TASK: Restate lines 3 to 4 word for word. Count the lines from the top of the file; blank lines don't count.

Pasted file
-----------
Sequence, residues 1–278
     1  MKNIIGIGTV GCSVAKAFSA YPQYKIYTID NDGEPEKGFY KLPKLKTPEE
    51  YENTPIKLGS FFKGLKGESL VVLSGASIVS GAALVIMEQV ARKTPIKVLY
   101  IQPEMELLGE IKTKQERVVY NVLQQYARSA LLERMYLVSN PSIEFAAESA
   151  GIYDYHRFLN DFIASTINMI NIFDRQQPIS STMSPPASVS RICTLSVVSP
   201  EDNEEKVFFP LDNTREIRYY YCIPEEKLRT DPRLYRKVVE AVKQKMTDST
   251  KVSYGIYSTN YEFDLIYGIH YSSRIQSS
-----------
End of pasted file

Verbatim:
    51  YENTPIKLGS FFKGLKGESL VVLSGASIVS GAALVIMEQV ARKTPIKVLY
   101  IQPEMELLGE IKTKQERVVY NVLQQYARSA LLERMYLVSN PSIEFAAESA